Many European political elections this past year have been criticized for lack of visions, my own country’s latest election included. But, what is the media’s own responsibility for this? Do journalists play a role?

Let´s begin with the latest example, which was CNN´s GOP Presidential Debate. 

(Disclaimer: My inquiry is not specifically aimed at CNN or the GOP. The reason for my choice is simply that CNN´s debate is the most recent one.) 

Looking at the facts means viewing the full debate and dissecting the transcript and what I found was thought provoking and sobering: 

Seventy-two (identifiable) questions were asked by the three moderators Jake Tapper, Dana Bash and Hugh Hewitt during the three-hour debate. Eight percent of the questions inquired about things that have happened, like asking Jeb Bush about the appointment of Chief Justice John Roberts by his brother President George W. Bush:  ‘Looking back on it did your brother make a mistake?’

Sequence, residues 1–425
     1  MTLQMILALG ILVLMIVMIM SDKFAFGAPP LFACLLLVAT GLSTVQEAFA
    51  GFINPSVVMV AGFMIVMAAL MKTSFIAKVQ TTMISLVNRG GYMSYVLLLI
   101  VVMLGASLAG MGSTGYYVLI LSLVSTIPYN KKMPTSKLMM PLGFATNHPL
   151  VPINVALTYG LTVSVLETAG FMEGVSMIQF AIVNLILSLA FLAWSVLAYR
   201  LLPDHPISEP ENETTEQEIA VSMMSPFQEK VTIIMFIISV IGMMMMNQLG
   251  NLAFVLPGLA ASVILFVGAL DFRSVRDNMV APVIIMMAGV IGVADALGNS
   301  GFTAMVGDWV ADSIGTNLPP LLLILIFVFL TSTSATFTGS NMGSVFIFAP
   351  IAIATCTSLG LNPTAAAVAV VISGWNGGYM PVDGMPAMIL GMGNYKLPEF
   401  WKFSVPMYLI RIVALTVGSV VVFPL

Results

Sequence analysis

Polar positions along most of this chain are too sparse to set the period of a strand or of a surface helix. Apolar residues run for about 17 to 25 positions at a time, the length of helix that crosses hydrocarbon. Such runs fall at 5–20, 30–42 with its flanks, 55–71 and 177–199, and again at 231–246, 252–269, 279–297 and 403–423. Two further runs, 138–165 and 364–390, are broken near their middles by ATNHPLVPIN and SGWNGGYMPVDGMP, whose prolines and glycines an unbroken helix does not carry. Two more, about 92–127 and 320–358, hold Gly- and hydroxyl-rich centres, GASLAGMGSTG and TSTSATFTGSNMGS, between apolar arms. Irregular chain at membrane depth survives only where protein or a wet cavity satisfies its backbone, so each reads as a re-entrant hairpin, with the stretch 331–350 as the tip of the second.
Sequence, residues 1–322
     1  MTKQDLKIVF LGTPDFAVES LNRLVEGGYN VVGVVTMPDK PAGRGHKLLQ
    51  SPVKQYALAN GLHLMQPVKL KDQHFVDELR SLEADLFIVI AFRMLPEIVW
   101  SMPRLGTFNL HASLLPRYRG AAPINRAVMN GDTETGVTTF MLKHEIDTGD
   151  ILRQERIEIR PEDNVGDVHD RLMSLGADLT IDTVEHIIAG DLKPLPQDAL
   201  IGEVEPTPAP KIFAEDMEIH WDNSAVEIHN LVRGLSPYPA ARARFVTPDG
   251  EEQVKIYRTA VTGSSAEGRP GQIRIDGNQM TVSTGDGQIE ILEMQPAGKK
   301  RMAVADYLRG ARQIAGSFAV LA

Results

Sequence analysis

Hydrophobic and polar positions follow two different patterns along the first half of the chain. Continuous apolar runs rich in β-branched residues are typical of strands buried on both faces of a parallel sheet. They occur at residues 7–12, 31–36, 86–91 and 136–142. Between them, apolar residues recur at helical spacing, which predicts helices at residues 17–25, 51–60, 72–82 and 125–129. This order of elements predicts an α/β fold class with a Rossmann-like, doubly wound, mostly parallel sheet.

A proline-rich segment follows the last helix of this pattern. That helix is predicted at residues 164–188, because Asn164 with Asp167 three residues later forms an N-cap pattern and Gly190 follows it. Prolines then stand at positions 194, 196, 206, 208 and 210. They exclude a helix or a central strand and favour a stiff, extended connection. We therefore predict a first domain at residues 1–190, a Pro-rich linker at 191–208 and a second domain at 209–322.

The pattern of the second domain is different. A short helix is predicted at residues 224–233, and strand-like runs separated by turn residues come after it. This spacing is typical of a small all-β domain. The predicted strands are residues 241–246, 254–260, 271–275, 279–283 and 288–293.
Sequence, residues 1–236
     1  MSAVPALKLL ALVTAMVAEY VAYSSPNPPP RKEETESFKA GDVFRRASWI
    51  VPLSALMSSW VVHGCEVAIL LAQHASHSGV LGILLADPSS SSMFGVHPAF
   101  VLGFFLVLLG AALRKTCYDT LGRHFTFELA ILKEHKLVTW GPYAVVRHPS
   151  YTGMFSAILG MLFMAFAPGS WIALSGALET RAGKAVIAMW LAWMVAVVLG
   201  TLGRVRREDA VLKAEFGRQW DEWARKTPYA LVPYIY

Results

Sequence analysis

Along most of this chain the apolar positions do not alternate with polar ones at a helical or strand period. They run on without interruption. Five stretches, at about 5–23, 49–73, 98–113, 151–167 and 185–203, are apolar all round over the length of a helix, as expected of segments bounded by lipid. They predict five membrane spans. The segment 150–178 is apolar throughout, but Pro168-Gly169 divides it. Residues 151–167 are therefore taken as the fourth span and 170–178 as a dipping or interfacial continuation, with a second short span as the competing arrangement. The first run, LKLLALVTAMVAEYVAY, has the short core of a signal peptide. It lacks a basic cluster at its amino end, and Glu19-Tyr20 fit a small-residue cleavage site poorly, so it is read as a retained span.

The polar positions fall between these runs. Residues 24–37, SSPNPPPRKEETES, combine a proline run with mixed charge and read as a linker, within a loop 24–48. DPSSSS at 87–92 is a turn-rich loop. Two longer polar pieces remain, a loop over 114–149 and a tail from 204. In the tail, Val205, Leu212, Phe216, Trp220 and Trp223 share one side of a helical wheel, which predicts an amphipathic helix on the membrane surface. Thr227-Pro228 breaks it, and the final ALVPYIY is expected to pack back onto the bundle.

An overwhelming majority, seventy one percent, of the questions focused at the present. Questions like: ‘Mr. Trump, what would you do right now, if you were president, to get the Russians out of Syria?’ or ‘Governor Christie… …what do you make of skeptics of climate change such as Senator Rubio?’ 

The remaining twenty one percent were future oriented questions. That might seem like an impressive share, but looking closer, many of the future oriented questions in this debate were of a very lighthearted character. The moderator Jake Tapper asked the candidates what woman they would like to see on the ten dollar bill and what their Secret Service code name would be if they become president. Funny and human, but hardly the embodiment of a visionary debate where a better future for America is at the core.   

Distribution of past, present and future oriented questions in CNN´s Republican Presidential Debate, September 16th, 2015 


Why is this sobering you might ask? Because it´s time for media and journalists to realize how reporters create realities via our questions and what news media decide to cover. In my book ‘From Mirrors to Movers’ document how it’s a myth when journalism believes it mirrors the world. No, journalists are moving it. But in which direction? At present, journalism totally fails when it comes to facilitating a visionary and future oriented debate that could trigger more action towards solutions.